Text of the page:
Anyone who believed that the Deepwater Horizon oil spill would force countries to take a second look at deepwater oil drilling of their coasts are mistaken. The United Kingdom’s government just gave Chevron the green light to start a polarizing deepwater oil exploration project in the North Sea, near the Shetland Islands.
Prior to this project, few folks would have heard of Lagavulin, a village on the south shore of Islay. Scotch whiskey connoisseurs could tell you about Lagavulin Single Malt, but now Chevron’s eponymous oil exploration project has drawn the hamlet’s attention, especially Greenpeace’s ire. Chevron believes it can find oil at a depth of almost a mile deep. Greenpeace believes the North Sea’s ecosystem is too fragile and not worth the risk. Chevron as not yet announced the Lagavulin Project start date, but expect Greenpeace to keep up the fight; the NGO said it is exploring legal action.
The coalition government’s Department of Energy and Climate Change sided with an energy company this time around. While the UK government believes that it must find alternative sources of energy—and a visit of its website reveals plenty of evidence that the agency is serious—such technologies are not ready to scale. The choice is offshore oil exploration or importing fossil fuels from abroad, the latter a much more distasteful prospect. The government claims it has encouraged the development of technologies such as wind energy, but those have sometimes collided with local interests.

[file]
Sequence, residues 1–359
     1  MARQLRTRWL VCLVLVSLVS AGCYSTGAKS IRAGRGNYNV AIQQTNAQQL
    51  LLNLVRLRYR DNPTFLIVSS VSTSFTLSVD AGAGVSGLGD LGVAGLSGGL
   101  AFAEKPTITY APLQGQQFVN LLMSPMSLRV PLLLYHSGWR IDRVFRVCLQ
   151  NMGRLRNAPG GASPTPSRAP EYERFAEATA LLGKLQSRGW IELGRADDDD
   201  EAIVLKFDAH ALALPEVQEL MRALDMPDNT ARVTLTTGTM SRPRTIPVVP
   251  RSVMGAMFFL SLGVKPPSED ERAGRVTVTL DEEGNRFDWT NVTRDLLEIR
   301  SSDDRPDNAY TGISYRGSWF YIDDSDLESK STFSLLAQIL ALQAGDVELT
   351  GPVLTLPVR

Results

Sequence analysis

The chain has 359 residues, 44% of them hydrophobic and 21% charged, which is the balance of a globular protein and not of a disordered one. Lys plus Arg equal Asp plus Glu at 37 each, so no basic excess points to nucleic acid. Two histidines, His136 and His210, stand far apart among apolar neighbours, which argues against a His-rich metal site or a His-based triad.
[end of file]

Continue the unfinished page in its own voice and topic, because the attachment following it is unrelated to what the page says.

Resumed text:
Greenpeace counters that the lessons in the Gulf of Mexico demonstrate that companies and regulatory agencies must rethink offshore oil exploration. Greenpeace activists spent several days cocooned in a “survival pod,” attached to a Chevron oil drill ship in order to delay any exploration. A legal injunction ended that protest, another chapter in Greenpeace’s advocacy for the North Sea. Greenpeace has a long history of working to prevent what they call the region’s exploitation, whether it is from overfishing or now, oil drilling.
Chevron claims it has a long history of safety in the North Sea. The UK has a ways to go to ensure that 20% its energy portfolio comes from renewable sources by 2020, a target to which many European nations have committed. Is additional offshore oil exploration just the reality for another decade or so? As one UK resident commented, a comparison of the oil industry in the North Sea to the Gulf of Mexico is a false one: Norwegians, for example, have a solid safety record when it comes to their oil industry. Should Chevron be granted a pass until other forms of energy can pick up the slack? The odds are that Greenpeace and Chevron officials will not discuss this over that Lagavulin single malt any time soon . . .